Pharmacy benefit management (PBM) companies have grown exponentially in size, scope, and power over the last several years. They have become enormous entities that wield great power over our healthcare system. But does that mean they are headed to their own demise? Are they too big and too powerful now?
Big merger news aside, the PBM industry was gaining size and power even without bombshell anouncements like the recent Express Scripts and Medco merger plans. This industry was growing and becoming rich and powerful beyond most people’s expectations even if no major mergers happened.
The PBMs that are left standing after this inevitable consolidation continues will grow even further. But at some point, doesn’t their own influence and power make them marked companies? Does the apparent hubris behind the leaders of this industry lead to it’s downfall?
If you had a time machine and went back a few decades, you’d see a PBM industry just sprouting out of nothing. They became a means for insurance companies to outsource payment processing functions for a small fee. It all seemed well enough at the time. Nothing could have foreshadowed the evolution of PBMs into their current incarnation.
But then something happened. As these early PBMs grew, they began to take on more and more roles in the healthcare system. They started negotiating contracts between insurance companies and pharmaceutical makers. They started creating preferred provider networks and tiered copay systems. Mandatory mail order service for maintenance drugs were the brainchild of the PBM industry. And they made handsome profits for themselves every step of the way.
PBMs became more than simple claims processors. They flexed their muscles and drove patients toward one pharmacy over another or to one drug over another. They have real power. And that power has grown exponentially over the years.
But what I’ve noticed recently is that this industry is demonstrating a kind of arrogance or pride that could lead to their downfall. They’ve grown so big, so rich, and so powerful that they no longer operate in the backdrop of healthcare claims processing. They are in the forefront of many people’s minds. They are a force, but a very visible one.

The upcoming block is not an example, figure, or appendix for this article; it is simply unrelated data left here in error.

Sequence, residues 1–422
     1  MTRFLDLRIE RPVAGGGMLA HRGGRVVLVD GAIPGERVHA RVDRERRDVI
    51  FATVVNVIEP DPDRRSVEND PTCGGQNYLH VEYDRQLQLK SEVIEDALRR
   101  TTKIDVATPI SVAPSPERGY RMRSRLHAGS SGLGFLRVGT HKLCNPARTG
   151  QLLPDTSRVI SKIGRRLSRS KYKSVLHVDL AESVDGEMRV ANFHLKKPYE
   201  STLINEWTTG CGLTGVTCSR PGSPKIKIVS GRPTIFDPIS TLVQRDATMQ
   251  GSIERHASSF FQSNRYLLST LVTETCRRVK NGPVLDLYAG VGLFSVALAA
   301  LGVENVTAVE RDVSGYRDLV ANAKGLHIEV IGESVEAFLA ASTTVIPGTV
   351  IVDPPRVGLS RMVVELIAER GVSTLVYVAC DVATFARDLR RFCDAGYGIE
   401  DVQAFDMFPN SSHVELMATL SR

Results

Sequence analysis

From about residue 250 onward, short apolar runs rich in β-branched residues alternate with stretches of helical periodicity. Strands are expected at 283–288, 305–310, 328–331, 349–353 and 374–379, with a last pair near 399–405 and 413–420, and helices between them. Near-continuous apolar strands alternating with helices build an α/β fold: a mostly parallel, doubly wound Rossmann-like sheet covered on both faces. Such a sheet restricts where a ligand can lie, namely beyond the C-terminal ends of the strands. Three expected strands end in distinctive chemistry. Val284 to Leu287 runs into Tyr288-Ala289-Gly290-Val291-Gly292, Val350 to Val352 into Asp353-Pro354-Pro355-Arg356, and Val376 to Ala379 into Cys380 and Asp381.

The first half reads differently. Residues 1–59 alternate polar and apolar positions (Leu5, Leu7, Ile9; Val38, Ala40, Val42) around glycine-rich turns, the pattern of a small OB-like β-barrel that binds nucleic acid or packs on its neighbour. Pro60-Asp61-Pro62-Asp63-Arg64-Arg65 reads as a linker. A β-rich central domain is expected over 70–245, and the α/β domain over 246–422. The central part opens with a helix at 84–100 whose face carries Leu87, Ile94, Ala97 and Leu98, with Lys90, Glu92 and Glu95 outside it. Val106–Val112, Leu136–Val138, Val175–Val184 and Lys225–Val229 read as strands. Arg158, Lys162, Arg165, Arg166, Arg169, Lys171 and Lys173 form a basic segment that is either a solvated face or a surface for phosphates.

Lately it seems like they are acting in a way that goes even beyond arrogance or pride. It is a form of hubris not often seen by an entire industry. Just look up quotes from some of the CEOs in the PBM industry if you don’t believe me. Their words speak for themselves.
Pride isn’t a bad thing, but in excess it is a destructive force. Pride tends to blind. And the arrogance and pride now demonstrated by the PBM industry may be a precursor to their demise. They are becoming their own worst enemy.
There is no hiding under the radar now for an industry that has individual companies well above the multi-billion dollar size. They can’t simply claim to be the cost containment champions they want to spin to the world when it is easy to look up and find how much money they siphon off the healthcare system every year. And these deals with pharmaceutical companies, even if they are undisclosed, are a damaging fact that leaves the PBM industry exposed to potential failure.
One may not believe that an industry which seemingly is doing so well for itself would be vulnerable at all. After all, look at how the PBM industry has managed to operate over the last decade. They’ve done well for themselves to say the least.
But now people with real power are starting to become aware of the influence and power of PBMs. Lots of press surrounding the industry shows just how rich and powerful they have become and how they look out for their own interests over that of the healthcare system’s need for effective and efficient patient care.
Cost containment is the new buzz phrase for current healthcare policy and procedure determination. Governmental influence on the healthcare system is set to grow in the coming years and our elected leaders will be under great pressure to contain healthcare costs. Politicians want value for every healthcare dollar spent. That is the bottom line now.
In an environment where the government, employers, and families are all looking to control healthcare costs it will be increasingly difficult to justify the added expense of a large and bloated PBM industry. They are just too big and take too much money out of the healthcare system without providing any actual healthcare goods or services to justify their continued existence. They are feasting at the table without contributing to the bounty.
The veil has been lifted. The true nature of the PBM industry is out in the open. And for the healthcare system, those true intentions lead to higher costs and restrictions on patients and providers. PBMs are the only ones that seem to be the winners as a result of their deals and influence. And that fact isn’t going un-noticed.
PBMs are calling all the shots now. The arrogance and might of that industry and it’s leaders is now bordering on hubris. But that is exactly what may lead the industry to its doom. And for an insider who has seen all too often the negative fallout that results from a powerful PBM, it is long overdue for them to be put in their place. The viability and cost effectiveness of our healthcare system depends on it!
The Redheaded Pharmacist